ETSU’s new associate dean of students assumed her post on Jan. 15.
Michelle Byrd previously served as the associate director of ETSU Disability Services. She has also worked as an instructor, teaching a number of classes in developmental studies, human development and learning, leadership studies and pre-health.
“I love learning new things and I welcome the opportunity to share the knowledge with others,” Byrd said. “I have developed a servant leadership perspective throughout my career and I believe that education is the great empowerer.”
Byrd received her undergraduate degree from Milligan College and her Masters of Arts in English, Masters of Teaching and Doctorate in Education from ETSU.
As a first-generation college graduate and a native of Appalachia, Byrd has a unique glimpse into the challenges of many students. Specifically, Byrd has a passion for serving as an advocate to students with disabilities.
“I am concerned with civil rights and equality as it affects all people,” Byrd said. “I believe that accessibility is part of that equality. Students with disabilities represent a minority group who have a unique experience due to barriers they potentially face. Those barriers come in the form of both social discrimination and physical access barriers. My work at ETSU has focused on identifying and remedying those barriers which prevent students with disabilities from receiving equitable access to learning.”
Byrd’s seven-year service as the Associate Director of ETSU Disabilities Services gave her a perspective and skill set that equipped her to better understand and serve students with unique needs.
“While there I became very interested in the field and more importantly how services provided by the department impacted the success of students with disabilities,” Byrd said. “I knew then that throughout my tenure at ETSU I would serve as a student advocate.”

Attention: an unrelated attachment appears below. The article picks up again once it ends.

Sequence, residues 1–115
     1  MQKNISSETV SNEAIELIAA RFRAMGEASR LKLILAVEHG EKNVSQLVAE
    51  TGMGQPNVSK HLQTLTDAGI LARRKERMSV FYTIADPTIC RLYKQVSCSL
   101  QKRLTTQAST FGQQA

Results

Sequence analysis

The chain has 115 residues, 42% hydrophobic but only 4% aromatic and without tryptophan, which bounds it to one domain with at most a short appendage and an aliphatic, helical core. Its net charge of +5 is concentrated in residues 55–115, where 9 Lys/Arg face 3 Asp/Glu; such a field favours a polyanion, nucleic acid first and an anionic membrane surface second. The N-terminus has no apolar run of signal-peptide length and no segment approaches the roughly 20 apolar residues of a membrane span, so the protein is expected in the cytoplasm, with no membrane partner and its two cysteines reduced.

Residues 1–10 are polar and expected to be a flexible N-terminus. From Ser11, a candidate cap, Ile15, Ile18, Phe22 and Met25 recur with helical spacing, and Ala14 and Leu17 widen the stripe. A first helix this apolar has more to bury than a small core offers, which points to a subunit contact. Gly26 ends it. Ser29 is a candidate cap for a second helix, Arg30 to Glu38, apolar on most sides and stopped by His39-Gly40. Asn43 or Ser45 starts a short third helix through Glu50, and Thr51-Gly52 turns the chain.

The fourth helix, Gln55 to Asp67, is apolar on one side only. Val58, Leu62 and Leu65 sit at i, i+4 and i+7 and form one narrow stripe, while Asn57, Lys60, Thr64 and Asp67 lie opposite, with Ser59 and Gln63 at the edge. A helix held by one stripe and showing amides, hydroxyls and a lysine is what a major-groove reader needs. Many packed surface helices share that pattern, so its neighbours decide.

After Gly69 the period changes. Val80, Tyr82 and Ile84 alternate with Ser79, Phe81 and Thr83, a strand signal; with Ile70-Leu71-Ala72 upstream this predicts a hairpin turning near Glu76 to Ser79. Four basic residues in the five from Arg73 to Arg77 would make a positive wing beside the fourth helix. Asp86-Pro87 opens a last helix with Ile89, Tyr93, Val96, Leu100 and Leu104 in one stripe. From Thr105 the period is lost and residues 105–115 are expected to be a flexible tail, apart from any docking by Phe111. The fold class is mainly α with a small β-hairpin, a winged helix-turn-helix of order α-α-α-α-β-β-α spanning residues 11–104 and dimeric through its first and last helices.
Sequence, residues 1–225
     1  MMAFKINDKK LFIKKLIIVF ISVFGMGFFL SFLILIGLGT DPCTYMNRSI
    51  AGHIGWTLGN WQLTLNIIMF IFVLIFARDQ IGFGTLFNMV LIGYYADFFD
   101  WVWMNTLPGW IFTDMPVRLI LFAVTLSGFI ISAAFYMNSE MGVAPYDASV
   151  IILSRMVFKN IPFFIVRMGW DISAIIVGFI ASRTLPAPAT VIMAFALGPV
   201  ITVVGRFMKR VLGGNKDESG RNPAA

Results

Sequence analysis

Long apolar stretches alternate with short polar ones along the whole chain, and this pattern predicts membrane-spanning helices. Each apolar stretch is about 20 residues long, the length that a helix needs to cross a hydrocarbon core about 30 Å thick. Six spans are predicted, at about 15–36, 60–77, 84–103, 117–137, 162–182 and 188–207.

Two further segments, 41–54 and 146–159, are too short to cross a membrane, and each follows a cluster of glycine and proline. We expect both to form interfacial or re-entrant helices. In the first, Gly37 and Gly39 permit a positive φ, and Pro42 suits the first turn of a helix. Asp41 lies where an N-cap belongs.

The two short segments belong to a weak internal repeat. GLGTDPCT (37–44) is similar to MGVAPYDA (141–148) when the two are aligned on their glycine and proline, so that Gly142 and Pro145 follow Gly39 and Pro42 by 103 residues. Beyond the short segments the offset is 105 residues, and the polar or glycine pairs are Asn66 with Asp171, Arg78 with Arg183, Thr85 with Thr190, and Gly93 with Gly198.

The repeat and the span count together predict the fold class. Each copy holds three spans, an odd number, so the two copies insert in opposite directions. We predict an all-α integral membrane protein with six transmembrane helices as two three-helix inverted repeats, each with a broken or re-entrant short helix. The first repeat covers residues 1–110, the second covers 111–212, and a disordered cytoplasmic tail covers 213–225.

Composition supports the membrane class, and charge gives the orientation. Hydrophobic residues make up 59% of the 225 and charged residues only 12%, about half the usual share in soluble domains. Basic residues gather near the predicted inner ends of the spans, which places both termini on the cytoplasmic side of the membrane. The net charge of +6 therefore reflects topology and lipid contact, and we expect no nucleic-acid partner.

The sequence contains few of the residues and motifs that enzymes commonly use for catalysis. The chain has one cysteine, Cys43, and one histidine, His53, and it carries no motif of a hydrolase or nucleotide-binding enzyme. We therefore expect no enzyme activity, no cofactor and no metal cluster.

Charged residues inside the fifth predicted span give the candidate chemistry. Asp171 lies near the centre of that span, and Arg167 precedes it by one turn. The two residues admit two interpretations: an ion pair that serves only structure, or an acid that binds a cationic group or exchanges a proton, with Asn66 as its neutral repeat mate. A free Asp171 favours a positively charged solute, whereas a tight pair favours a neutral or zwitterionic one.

Byrd was recognized as being an innovative professor by Austin Peay University and other Tennessee Board of Regents faculty as being an innovative professor. Byrd associates the concept of innovation with that of adaption.
“The word innovation comes from the latin word ‘innovare,’ which means to renew or make new,” Byrd said. “Renewal has, at its core, a willingness to consider the benefits of change. The world is a constantly changing place and one must be willing to adapt to survive. In the field of higher education, being willing to adapt often results in better service afforded to the student or a better paradigm with which to achieve an end.”
Byrd said a willingness to consider alternate methods of solving problems and issues would benefit her in her new role as associate dean.
As associate dean, Byrd’s duties include working in matters regarding student discipline and student conduct.
“It is a privilege to participate in higher education, and any student agreeing to participate must live up to the standard of conduct expected by the university,” Byrd said. “The objective of the discipline system is to develop students into more enlightened individuals so that they may fulfill their educational pursuits and become productive citizens. My concern for students and their success is integral to my commitment to address challenging situations with them so that corrective measures can be understood and accepted.”
Byrd is committed to helping all students achieve success in their academic careers and beyond.
“At times, students face barriers that can stem from a variety of sources—social constructs, lack of support, poor decision making skills, et cetera that deter their initial journey,” Byrd said. “I will guide students, collaboratively, to navigate beyond those barriers. Also, by helping students recognize the importance of persisting through obstacles to graduation, they will better themselves, better their families, and better their community.”